regular expression can also be followed by `*'; for example, `a**'
     is equivalent to `a*'.  POSIX 1003.1-2001 says that `*' stands for
     itself when it appears at the start of a regular expression or
     subexpression, but many nonGNU implementations do not support this
     and portable scripts should instead use `\*' in these contexts.

`\+'
     As `*', but matches one or more.  It is a GNU extension.

`\?'
     As `*', but only matches zero or one.  It is a GNU extension.

`\{I\}'
     As `*', but matches exactly I sequences (I is a decimal integer;
     for portability, keep it between 0 and 255 inclusive).

`\{I,J\}'
     Matches between I and J, inclusive, sequences.

`\{I,\}'
     Matches more than or equal to I sequences.

`\(REGEXP\)'
     Groups the inner REGEXP as a whole, this is used to:

        * Apply postfix operators, like `\(abcd\)*': this will search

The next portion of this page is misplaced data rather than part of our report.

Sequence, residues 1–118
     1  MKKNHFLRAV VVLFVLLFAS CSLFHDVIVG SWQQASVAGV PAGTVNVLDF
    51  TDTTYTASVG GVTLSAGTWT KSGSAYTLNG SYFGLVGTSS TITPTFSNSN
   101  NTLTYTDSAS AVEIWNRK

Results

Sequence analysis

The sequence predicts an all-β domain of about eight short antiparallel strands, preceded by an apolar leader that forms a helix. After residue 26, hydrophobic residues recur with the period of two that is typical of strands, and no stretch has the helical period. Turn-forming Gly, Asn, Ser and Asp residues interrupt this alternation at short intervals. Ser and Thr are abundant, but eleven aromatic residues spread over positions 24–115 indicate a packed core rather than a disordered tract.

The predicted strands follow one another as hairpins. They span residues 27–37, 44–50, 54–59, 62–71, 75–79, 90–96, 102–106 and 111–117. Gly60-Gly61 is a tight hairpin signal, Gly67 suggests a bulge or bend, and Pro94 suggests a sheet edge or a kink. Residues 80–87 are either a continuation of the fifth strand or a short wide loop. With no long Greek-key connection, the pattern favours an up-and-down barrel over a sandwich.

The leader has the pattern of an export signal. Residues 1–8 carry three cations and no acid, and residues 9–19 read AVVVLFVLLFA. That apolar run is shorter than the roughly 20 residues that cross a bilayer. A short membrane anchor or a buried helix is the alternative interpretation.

for zero or more whole sequences of `abcd', while `abcd*'
          would search for `abc' followed by zero or more occurrences
          of `d'.  Note that support for `\(abcd\)*' is required by
          POSIX 1003.1-2001, but many non-GNU implementations do not
          support it and hence it is not universally portable.

        * Use back references (see below).

`.'
     Matches any character, including newline.

`^'
     Matches the null string at beginning of the pattern space, i.e.
     what appears after the circumflex must appear at the beginning of
     the pattern space.

     In most scripts, pattern space is initialized to the content of
     each line (*note How `sed' works: Execution Cycle.).  So, it is a
     useful simplification to think of `^#include' as matching only
     lines where `#include' is the first thing on line--if there are
     spaces before, for example, the match fails.  This simplification
     is valid as long as the original content of pattern space is not
     modified, for example with an `s' command.

     `^' acts as a special character only at the beginning of the
     regular expression or subexpression (that is, after `\(' or `\|').
     Portable scripts should avoid `^' at the beginning of a
     subexpression, though, as POSIX allows implementations that treat
     `^' as an ordinary character in that context.

`$'
     It is the same as `^', but refers to end of pattern space.  `$'